We enjoy new stories that are really just thinly-veiled variations of stories that we already know; that’s why so many ‘space battle’ stories resemble Napoleonic-era capital ship fights straight out of C.S. Forester’s Horatio Hornblower books. We generally don’t want endless exposition or a physics lessons; we want to see a hero defeat a villain and get the girl/guy/green-painted alien. A satisfying story focuses on the hero, who usually needs to be in a position of significance to the main plot – like a captain, or fighter pilot – and the drama then revolves around how the hero saves the day.
Here’s the thing: when you’re trying to tell a grand drama like SBR in a television or cinema, there simply isn’t enough time to tell a realistic story. The actual battleship Yamato sailed with a compliment of between 2,500 and 2,800 crewmen. The fictional version of the Yamato in Star Blazers knocked that down to 114 crewmen. Even that was too many people to show to the viewer, so the writers had to focus on a half-dozen primary characters and a dozen named secondary characters. We got to know all about the noble ship’s captain and the commander of the space fighter squadron, but we never delved into the private drama of Able Seaman Third Class Smith who kept the commodes running. Yes, the captain is critical to the smooth operation of the warship – but so is Seaman Smith. In a real warship, both sailors play essential parts; unfortunately, budget and audience patience limits prevent the screenwriter from exploring the rich inner life of the seaman who spent the Battle of Mars taking a spanner to a leaky space toilet.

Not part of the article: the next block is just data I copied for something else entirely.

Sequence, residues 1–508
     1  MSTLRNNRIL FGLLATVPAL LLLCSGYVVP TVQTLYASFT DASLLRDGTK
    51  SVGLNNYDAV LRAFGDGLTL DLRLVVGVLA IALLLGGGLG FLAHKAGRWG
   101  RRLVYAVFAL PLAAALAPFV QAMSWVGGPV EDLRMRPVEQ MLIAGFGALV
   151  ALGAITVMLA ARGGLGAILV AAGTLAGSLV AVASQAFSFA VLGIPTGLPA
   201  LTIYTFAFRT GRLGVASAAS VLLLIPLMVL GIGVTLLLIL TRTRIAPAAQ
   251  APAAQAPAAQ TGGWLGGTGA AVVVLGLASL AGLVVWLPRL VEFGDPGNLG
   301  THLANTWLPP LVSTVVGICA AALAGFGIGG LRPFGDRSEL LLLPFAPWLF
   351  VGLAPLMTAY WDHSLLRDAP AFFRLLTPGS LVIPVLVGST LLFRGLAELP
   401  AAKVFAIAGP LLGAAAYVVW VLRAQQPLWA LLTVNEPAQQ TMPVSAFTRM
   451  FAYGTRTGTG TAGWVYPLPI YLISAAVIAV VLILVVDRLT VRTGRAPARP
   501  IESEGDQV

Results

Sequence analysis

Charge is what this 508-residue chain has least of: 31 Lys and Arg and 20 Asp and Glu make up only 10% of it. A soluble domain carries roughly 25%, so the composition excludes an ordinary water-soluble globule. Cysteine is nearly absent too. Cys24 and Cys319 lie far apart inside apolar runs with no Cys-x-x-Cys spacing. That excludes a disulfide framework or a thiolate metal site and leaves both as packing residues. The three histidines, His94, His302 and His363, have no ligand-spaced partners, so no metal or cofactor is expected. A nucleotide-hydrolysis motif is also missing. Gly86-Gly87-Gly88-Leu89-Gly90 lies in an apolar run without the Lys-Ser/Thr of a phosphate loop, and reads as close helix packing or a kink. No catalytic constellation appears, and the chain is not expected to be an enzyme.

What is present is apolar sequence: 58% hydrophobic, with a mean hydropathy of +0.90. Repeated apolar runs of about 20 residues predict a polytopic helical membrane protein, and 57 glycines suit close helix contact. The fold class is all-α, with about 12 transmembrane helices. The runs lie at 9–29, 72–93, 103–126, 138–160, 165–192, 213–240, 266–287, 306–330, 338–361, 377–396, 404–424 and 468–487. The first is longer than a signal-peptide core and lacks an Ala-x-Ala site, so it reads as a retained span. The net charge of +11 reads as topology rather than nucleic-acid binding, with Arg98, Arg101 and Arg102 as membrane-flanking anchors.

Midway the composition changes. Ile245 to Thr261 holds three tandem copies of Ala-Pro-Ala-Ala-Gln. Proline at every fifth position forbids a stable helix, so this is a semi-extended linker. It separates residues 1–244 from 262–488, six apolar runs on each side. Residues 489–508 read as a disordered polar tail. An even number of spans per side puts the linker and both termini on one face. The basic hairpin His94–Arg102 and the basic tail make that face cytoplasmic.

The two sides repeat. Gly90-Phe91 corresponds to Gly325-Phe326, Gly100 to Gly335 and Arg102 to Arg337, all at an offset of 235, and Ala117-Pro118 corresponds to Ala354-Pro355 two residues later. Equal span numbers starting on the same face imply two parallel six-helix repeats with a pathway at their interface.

This carries over into reality. People imagine themselves to be the great hero of their own epic drama. They’ve spent all of their lives consuming adventure stories, and can’t help but perceive their personal universe in adventure story terms.
This tendency becomes much worse the further up the corporate ladder you ascend. The business press feeds the delusion, by describing chief executives and start-up owners as ‘steering’ their companies as if they were actually driving a ship or flying a plane, When economic conditions are challenging, for example, writers use the language of piloting a ship through a storm at sea. The analogy works for readers because we recognize the tropes and the language. It isn’t, however, real.